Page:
Question: Cloud storage of sequencing and bioinformatics data
0
gravatar for emblake
2.7 years ago by
emblake50
United States
emblake50 wrote:

My small core lab needs to setup server space for storage of sequencing and bioinformatics data. We currently have only a few TB of allocated server space from IT and are reluctant to store data on external hdd or USBs. We have 1 NextSeq and 1 high performance workstation for analysis (no compute cluster) for one user.

Does anyone have any experience with cloud storage on Amazon S3/Google/Dropbox? If so, what has been your experience?

Any suggestions or input regarding ngs data storage is appreciated! Thank you!

next-gen • 1.2k views
ADD COMMENTlink written 2.7 years ago by emblake50
3
gravatar for genomax
2.7 years ago by
genomax68k
United States
genomax68k wrote:

Both Amazon and Google cloud storage would be excellent choices. There are multiple types with tiered costs based on intended applications.

That said, have you looked into using tape based storage, if it is available, from your local IT. You will rarely need to keep original data online for longer than 6 months (we have 10 times more machines and don't) and at that point it can be shuffled on to tape for long term storage (just store a copy of the tarred original data folder and fastq files for immediate access). Tape is still the cheapest medium and very robust for long term storage. Anyone tells you otherwise, ask them to pay for your cloud storage costs :-)

ADD COMMENTlink modified 2.7 years ago • written 2.7 years ago by genomax68k

I'm working with my institution's IT group to see about AWS S3 storage costs for sequencing and bioinformatics since they are only able to allocate 5TB for the NextSeq AND data analysis. I have not discussed tape options but will bring that up. Oiy - big data - what a headache! Thanks for your input!

ADD REPLYlink written 2.7 years ago by emblake50

Make sure you have good upstream network connectivity. It takes a long while to transfer a TB of data, if you have anything less than a full gigabit connection, all the way from your server to amazon/google.

BTW: If you have only one NextSeq, 5 TB may be enough for "normal operation" depending how how often you expect to run the sequencer each week. You will be amazed by how quickly reagent costs add up, before the data :-)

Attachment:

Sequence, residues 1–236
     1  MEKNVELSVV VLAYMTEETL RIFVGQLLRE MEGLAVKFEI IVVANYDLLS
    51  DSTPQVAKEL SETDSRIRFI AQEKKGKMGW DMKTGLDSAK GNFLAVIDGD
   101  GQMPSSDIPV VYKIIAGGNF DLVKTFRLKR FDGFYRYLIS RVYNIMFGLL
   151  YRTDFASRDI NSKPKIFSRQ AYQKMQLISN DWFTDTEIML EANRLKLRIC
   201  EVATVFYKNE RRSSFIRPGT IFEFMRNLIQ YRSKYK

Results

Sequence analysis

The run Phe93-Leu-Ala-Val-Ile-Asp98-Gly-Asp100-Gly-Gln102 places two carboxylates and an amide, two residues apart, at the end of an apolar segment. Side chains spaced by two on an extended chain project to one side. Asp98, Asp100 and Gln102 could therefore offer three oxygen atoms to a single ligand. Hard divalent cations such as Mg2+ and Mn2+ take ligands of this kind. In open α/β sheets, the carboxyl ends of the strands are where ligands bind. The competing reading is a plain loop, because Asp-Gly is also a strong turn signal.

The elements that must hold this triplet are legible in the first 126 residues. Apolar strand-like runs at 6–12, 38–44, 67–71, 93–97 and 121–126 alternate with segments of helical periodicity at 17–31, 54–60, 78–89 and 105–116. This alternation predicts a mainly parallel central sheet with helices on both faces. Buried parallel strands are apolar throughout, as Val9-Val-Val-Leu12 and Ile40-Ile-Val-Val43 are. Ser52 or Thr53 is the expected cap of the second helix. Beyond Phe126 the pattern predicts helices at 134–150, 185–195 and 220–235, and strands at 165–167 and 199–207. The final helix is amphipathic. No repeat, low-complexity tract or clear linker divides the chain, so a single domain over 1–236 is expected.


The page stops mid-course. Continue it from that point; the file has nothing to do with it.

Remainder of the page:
ADD REPLYlink modified 2.7 years ago • written 2.7 years ago by genomax68k

Sorry for the late reply - I've since been asked to look at NAS devices to serve as (temporary) storage space for sequencing data and associated project analyses. As I'm not a sysadmin or IT guru, would you recommend this option? I'm worried about server maintenance and compatibility between the NextSeq (Windows OS) and most NAS's (Linux OS). Also, I still don't know the connectivity type/speed.

ADD REPLYlink modified 2.7 years ago • written 2.7 years ago by emblake50

There are NAS and then there are other NAS (some may be just cheap boxes with drives others may be much more sophisticated/robust/expensive). In general, NAS will be fine for "storage". Inexpensive NAS boxes may not be fast enough to use for compute with a cluster (but you could certainly use it with just one or two servers). You have not said if you are planning to use the onboard analysis software on NextSeq for analysis (or BaseSpace). I don't think there should be a compatibility issue between windows and NAS as far as storage goes. As long as windows sees the network share NAS puts out, it will be able to mount it.

ADD REPLYlink modified 2.7 years ago • written 2.7 years ago by genomax68k

We're actually not using BaseSpace for analysis. We have 1 high performance workstation for analysis. I was worried about moving sequencing data from the NextSeq to a NAS and then to the Linux workstation for analysis. I've never used the bcl2fastq conversion software, so I'm not sure if it will be time consuming. We would only be using the NAS for storage, no compute time. We also do not have access to a compute cluster. Thanks for your input!

ADD REPLYlink written 2.7 years ago by emblake50

If the NAS is mounted both on NextSeq and the workstation then you would not need to move the data around. Just make sure you keep your derived data separate from the original raw data. Also back the data up regularly somewhere (e.g. tape from your local IT) in case one of the pieces experiences hardware issues.

ADD REPLYlink written 2.7 years ago by genomax68k

Perfect - got it. Thanks so much!

ADD REPLYlink written 2.7 years ago by emblake50
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